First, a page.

ISTANBUL – Saudi Arabia has agreed to let Turkish authorities search its Istanbul consulate as part of the investigation into the disappearance of the journalist, Jamal Khashoggi.
There have been fierce speculations over what happened to Khashoggi, a Washington Post contributor, who wrote for Arab and Western media, after he disappeared on October 2 following a visit to the consulate to obtain official documents.
While Riyadh claimed he had left the consulate after his visit, Turkish police said Khashoggi did not emerge from the building, asking the Saudi officials to let them search the building.
Government sources said police believe the journalist was killed inside the consulate – claims which Riyadh dismissed as baseless.
‘Saudi authorities said they were open to cooperation and that a search can be conducted at the consulate building,’ the Turkish foreign ministry spokesman Hami Aksoy said in a statement on Tuesday.
The search will take place as part of the official investigation, which was being conducted ‘in an intense manner’, he said without giving any schedule.
Khashoggi’s fiancee Hatice Cengiz wrote in an opinion piece for The Washington Post that she was ‘confident in the abilities of Turkish government officials’, imploring US President Trump and first lady Melania Trump to help shed light on Jamal’s disappearance.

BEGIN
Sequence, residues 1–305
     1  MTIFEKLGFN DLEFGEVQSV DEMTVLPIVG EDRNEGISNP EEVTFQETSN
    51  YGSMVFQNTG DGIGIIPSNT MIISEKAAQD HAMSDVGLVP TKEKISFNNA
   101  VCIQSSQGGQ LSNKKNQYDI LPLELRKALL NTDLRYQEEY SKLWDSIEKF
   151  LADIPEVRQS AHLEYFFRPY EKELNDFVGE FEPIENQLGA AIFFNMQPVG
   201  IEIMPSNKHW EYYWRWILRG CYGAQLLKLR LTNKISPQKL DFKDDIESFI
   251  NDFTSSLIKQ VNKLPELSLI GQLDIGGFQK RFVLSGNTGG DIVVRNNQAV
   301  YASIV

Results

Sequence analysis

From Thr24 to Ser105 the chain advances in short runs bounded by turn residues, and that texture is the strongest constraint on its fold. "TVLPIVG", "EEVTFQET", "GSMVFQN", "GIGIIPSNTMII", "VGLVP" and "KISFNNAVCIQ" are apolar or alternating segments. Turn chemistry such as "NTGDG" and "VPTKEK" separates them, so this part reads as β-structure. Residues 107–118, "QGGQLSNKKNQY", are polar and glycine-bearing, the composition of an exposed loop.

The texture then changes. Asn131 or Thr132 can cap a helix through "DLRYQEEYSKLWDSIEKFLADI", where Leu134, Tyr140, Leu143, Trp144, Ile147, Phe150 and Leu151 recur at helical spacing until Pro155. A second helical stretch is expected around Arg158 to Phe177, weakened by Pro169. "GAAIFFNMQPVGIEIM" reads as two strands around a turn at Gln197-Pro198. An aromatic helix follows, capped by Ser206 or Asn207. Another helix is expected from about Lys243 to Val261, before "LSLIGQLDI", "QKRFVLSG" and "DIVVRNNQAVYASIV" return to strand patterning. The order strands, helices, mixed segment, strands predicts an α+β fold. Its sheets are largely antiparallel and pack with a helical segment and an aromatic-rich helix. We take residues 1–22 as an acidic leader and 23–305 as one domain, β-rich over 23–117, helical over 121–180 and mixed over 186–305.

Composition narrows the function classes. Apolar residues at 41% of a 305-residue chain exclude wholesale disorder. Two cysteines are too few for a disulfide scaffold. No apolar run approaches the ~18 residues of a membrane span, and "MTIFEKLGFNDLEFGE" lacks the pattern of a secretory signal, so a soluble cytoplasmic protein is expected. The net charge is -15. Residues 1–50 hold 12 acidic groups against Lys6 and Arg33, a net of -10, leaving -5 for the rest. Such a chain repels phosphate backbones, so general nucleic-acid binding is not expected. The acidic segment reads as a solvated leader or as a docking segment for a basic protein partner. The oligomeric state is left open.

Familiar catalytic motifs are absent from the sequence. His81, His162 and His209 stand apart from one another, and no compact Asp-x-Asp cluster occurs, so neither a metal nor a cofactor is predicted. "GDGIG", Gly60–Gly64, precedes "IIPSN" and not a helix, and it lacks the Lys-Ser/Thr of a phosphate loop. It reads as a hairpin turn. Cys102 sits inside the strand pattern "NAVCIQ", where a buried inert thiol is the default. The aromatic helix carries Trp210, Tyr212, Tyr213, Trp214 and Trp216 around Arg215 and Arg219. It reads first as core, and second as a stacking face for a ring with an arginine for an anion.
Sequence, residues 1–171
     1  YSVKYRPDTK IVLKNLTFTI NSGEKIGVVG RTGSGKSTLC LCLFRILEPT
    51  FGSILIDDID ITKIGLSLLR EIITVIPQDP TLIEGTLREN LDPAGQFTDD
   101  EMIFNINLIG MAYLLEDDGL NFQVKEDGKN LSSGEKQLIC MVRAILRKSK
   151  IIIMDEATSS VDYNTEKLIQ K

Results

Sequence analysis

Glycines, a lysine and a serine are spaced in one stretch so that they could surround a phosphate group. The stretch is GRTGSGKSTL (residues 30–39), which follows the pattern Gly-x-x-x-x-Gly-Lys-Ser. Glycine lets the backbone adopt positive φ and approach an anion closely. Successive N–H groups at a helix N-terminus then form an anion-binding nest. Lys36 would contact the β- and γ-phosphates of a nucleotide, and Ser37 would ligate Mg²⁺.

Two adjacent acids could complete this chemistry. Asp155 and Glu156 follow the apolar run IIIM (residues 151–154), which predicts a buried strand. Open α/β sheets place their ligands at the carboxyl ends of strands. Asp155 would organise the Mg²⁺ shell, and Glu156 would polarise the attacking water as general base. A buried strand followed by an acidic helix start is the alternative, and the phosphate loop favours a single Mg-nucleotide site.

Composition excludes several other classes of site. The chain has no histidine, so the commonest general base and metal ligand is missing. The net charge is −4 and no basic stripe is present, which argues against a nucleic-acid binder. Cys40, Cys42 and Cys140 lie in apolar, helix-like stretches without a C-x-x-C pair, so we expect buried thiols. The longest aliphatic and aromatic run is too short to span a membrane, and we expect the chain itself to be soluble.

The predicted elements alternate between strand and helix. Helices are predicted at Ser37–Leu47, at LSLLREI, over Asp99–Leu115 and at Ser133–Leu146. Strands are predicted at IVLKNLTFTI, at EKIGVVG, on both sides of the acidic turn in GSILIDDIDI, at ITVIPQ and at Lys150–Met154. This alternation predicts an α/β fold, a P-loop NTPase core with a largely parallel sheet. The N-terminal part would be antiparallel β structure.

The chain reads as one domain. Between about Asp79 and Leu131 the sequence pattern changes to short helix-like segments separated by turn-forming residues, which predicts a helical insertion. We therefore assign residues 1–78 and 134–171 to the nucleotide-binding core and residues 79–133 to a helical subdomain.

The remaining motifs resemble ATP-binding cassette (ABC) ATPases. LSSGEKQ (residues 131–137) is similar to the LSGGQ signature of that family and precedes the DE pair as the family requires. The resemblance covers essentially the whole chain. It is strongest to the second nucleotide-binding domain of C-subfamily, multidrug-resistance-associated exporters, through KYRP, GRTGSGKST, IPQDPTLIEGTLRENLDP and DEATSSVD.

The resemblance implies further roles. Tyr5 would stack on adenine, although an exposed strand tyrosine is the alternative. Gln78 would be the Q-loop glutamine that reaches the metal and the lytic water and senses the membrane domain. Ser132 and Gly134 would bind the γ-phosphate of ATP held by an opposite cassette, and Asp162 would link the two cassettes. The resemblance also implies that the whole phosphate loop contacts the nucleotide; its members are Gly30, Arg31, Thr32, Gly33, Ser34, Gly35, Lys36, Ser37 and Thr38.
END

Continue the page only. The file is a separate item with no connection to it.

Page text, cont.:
Trump expressed concern about Khashoggi’s case on Monday and Secretary of State Mike Pompeo called for a thorough investigation.
Turkish police were looking into two private aircraft which landed at Istanbul’s Ataturk airport on October 2 at different times carrying 15 people of interest in the case, as well as the possibility that Khashoggi was kidnapped and taken aboard one of the planes, local media reported.
Previously Saudi Crown Prince Mohammed bin Salman had told Bloomberg that Riyadh would allow Turkish officials to search the premises.
Khashoggi, a former Saudi government adviser, had been living in self-imposed exile in the United States since last year fearing possible arrest.
He has been critical of some policies of the crown prince and Riyadh’s intervention in the war in Yemen.
Istanbul police experts are also analysing vehicles which entered and left the consulate, some of which were then seen on camera on October 2 at the consul general’s residence, 200 meters away.
Some ‘unconfirmed’ reports say the Turkish employees at the residence were ‘hastily’ told to take a holiday on the day Khashoggi went missing.